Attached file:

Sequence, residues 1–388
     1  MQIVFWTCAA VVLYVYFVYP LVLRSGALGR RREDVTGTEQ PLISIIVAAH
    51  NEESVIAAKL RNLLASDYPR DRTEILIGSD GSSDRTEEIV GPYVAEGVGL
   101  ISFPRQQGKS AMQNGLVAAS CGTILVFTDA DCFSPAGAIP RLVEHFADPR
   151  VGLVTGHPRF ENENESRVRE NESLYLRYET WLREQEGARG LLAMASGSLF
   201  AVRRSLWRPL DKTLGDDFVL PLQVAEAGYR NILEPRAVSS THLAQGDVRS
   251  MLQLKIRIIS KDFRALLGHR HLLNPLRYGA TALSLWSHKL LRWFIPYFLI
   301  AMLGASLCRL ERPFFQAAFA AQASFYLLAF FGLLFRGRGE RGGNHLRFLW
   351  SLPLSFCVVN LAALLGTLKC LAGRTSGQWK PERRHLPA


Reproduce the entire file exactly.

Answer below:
Sequence, residues 1–388
     1  MQIVFWTCAA VVLYVYFVYP LVLRSGALGR RREDVTGTEQ PLISIIVAAH
    51  NEESVIAAKL RNLLASDYPR DRTEILIGSD GSSDRTEEIV GPYVAEGVGL
   101  ISFPRQQGKS AMQNGLVAAS CGTILVFTDA DCFSPAGAIP RLVEHFADPR
   151  VGLVTGHPRF ENENESRVRE NESLYLRYET WLREQEGARG LLAMASGSLF
   201  AVRRSLWRPL DKTLGDDFVL PLQVAEAGYR NILEPRAVSS THLAQGDVRS
   251  MLQLKIRIIS KDFRALLGHR HLLNPLRYGA TALSLWSHKL LRWFIPYFLI
   301  AMLGASLCRL ERPFFQAAFA AQASFYLLAF FGLLFRGRGE RGGNHLRFLW
   351  SLPLSFCVVN LAALLGTLKC LAGRTSGQWK PERRHLPA